Wednesday, 29 June 2016


I read of a man experiencing great anxiety. A tiny change, overnight, in the intricate and miraculous make-up of one eye has resulted in the occlusion of much of the sight in that eye. Awaking to this state of affairs he is suddenly and understandably plunged into panic and depression.

He had always known how the eye worked in theory but, in spite of this, in a different sense, had been unaware of how his world depended on it. It was only the sudden withdrawal of the faculty that truly made him aware of it. Unconsciously, and in a sphere where mere knowledge was insufficient, he had taken a lot for granted.

The equivalent of sight in philosophy is being. Behind all of our deliberations, our thoughts, the articulation of those thoughts and our seeking after knowledge is this invisible and unacknowledged fact, which we fail to include, on the assets side, in the accounts we turn in regarding the state of things. This strange and mysterious fact is overlooked when it should be the chief object of our study, for without it the most infinitesimal quantity of philosophy is impossible. So our study should be – “What extraordinary state of affairs enables the practice of philosophy to take place?”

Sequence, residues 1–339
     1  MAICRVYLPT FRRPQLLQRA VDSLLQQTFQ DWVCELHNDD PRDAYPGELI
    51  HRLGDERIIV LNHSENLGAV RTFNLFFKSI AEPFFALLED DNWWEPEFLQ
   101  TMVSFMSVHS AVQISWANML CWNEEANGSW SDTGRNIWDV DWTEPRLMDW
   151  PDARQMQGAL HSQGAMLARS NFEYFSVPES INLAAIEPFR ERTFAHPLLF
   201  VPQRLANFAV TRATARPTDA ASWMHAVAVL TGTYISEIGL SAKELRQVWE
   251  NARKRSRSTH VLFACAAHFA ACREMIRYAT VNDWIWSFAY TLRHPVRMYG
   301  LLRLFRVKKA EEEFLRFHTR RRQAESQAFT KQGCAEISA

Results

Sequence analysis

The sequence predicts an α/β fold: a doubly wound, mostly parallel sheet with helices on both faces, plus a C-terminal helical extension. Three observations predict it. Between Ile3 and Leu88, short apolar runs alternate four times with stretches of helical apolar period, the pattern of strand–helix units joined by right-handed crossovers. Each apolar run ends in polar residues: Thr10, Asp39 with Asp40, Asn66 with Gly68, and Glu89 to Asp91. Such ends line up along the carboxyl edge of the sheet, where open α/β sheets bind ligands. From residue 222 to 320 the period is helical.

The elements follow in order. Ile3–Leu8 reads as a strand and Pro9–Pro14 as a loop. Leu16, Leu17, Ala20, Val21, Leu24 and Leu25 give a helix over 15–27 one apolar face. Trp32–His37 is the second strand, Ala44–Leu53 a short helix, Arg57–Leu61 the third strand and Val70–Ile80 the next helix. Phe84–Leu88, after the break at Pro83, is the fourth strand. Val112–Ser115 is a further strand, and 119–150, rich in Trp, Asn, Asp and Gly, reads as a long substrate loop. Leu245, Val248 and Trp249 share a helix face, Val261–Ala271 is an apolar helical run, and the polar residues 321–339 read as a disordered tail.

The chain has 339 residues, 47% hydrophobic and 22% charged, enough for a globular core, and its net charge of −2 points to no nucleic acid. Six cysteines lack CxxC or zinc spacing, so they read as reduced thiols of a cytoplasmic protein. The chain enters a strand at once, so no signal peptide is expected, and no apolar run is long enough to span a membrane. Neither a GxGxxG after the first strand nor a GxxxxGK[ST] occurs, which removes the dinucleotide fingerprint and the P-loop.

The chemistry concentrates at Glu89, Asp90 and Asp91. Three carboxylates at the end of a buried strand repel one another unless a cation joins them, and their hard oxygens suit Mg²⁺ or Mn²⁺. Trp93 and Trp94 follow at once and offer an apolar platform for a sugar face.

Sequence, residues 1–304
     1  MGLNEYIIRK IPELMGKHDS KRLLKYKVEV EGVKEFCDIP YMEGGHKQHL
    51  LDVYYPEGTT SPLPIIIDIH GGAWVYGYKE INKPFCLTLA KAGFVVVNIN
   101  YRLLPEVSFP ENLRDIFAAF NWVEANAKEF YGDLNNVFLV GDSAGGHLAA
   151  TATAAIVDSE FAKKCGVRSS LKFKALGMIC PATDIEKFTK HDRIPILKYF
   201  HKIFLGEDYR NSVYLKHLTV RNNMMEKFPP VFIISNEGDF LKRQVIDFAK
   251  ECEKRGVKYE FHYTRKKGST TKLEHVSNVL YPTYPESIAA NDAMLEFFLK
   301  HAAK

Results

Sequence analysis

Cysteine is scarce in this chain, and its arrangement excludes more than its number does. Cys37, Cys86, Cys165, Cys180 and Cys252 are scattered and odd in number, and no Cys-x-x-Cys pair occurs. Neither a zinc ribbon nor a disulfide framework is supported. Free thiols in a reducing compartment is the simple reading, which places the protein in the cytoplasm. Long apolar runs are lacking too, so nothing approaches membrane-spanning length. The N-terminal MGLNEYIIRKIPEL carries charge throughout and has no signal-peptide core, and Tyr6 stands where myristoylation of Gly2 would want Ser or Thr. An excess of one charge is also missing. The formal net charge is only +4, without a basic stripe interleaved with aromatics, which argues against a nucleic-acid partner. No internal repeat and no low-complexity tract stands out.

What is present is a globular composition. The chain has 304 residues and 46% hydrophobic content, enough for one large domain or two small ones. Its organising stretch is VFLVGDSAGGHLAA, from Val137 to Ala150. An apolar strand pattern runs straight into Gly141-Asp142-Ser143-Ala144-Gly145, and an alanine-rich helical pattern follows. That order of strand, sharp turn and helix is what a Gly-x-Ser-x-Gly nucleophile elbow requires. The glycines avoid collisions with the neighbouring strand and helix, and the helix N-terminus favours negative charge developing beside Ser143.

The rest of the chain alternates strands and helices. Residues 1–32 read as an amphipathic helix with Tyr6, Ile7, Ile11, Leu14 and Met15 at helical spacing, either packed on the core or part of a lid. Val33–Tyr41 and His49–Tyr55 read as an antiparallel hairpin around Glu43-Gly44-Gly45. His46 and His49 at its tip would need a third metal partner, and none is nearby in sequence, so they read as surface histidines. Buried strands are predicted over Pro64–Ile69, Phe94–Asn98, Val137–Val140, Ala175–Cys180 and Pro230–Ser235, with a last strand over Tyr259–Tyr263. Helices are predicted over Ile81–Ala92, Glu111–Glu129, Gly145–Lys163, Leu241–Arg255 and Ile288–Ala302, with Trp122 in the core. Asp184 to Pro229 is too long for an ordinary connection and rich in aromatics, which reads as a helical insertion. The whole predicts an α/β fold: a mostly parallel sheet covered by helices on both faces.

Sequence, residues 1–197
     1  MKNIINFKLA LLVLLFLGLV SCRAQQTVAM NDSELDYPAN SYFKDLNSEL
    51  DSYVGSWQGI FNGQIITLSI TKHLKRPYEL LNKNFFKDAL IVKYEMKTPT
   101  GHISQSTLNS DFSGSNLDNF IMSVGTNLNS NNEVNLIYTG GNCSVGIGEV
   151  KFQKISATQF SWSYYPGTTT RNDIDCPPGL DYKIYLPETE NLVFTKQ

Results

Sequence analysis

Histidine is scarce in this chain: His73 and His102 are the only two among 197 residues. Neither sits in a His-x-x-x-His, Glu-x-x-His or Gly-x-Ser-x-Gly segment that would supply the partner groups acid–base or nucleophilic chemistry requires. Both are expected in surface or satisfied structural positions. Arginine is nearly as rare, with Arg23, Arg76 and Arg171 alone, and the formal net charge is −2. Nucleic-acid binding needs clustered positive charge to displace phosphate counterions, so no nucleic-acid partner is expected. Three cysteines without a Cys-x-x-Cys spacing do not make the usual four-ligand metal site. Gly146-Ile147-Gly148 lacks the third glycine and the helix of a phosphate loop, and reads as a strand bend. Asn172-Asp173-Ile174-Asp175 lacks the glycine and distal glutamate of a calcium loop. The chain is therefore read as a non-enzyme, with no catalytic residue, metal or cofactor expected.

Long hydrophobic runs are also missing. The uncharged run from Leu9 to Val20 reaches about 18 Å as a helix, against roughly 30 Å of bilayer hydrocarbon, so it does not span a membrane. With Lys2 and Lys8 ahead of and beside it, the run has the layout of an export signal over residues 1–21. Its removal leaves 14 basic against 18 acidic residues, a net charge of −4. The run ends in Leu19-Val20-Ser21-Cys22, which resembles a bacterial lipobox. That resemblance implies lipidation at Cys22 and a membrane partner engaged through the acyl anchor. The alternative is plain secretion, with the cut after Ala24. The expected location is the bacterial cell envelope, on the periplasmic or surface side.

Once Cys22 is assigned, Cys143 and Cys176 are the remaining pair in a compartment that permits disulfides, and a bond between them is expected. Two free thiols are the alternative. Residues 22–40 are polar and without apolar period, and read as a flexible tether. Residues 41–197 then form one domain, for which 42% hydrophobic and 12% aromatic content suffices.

No comments :

Post a Comment